The publication of an article on an attempted robbery of a taxi driver, a seemingly unimportant event, was the reason why the director of a newspaper in the North-West of Argentina was imprisoned for six months without trial.
It was October 1974 and, apart from the blunders of Peron’s widow’s government in midst of the violence unleashed by Left and Right-wing factions, some evidence indicated that it was the eve of after. Of the disappearance of about one hundred journalists in Argentina alone, and of the censorship of the media. Of a repression that, coordinated by the intelligence agencies of the Southern Cone military regimes, was to leave its prints of fear and self-censorship.
That is what this book is about. It is based on contemporaneous and subsequent documents and testimonies that, oddly enough, become current accounts years later, as if time had not passed, as if the wounds had not healed. The military dictatorships are over, but the threats and aggressions against journalists are not over. Neither are the crimes in a region that lacks trust, especially in institutions.
Almost 300 journalists have been murdered over the last two decades in Latin America. Governments have shown an alarming inaptitude to resolve the majority of the cases. Or, in their urge to control the media’s agenda, the governments have allowed the culture of intimidation to continue in effect, spreading fear and its correlate: self-censorship, affecting those who have the task of investigating, presenting and commenting events that come to their knowledge before the public opinion.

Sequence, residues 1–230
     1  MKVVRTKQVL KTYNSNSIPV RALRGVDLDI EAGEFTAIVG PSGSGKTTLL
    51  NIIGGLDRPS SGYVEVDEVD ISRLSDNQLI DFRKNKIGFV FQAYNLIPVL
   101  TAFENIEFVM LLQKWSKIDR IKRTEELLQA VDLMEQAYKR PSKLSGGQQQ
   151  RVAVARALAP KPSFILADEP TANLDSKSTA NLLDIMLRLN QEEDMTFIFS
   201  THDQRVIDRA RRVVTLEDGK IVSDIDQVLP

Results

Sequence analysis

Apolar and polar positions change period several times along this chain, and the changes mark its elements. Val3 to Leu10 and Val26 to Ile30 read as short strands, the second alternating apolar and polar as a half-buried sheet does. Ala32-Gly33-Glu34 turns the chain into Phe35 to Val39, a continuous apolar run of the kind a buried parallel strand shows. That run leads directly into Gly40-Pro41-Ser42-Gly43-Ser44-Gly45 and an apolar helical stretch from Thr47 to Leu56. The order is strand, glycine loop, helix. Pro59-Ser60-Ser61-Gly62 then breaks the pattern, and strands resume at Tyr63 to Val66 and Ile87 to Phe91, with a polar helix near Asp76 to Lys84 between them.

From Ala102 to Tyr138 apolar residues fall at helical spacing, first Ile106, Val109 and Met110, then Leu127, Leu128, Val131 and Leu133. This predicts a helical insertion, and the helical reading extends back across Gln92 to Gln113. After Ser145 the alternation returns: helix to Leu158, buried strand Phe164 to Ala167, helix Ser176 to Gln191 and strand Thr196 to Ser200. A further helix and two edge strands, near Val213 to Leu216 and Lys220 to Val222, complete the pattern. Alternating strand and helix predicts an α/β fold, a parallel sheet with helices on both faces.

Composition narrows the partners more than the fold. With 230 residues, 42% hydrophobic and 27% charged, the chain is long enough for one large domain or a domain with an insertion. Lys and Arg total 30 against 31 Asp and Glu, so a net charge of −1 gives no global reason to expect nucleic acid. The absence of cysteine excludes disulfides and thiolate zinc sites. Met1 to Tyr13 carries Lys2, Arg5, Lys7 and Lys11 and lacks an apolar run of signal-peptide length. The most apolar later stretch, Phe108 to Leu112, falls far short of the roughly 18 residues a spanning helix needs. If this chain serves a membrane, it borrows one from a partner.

Journalists are neither attorneys nor judges but, at times, their roles in society are mistaken. Many pay for this with their lives.
The method remains in the background: systematic elimination, as a warning for the rest.
It had a name: Operation Condor.
It is alive and buried.
About the author
Jorge Elías was born on September 5, 1963 in Quilmes, Province of Buenos Aires, Argentina.
He is editorial secretary and international politics columnist for La Nación newspaper of Buenos Aires, and researcher for the Project on Unpunished Crimes against Journalists of the Inter American Press Association (IAPA), Miami. He is also a panelist on the television program Desayuno.
He was correspondent for La Nación in Washington, D.C., between 1995 and 1999, reporting on issues in the United States, Mexico and Canada.
He has covered wars and armed uprisings, as well as elections and political, economic and social events throughout the five continents.
He has written a novel, as well as essays and stories published in anthologies.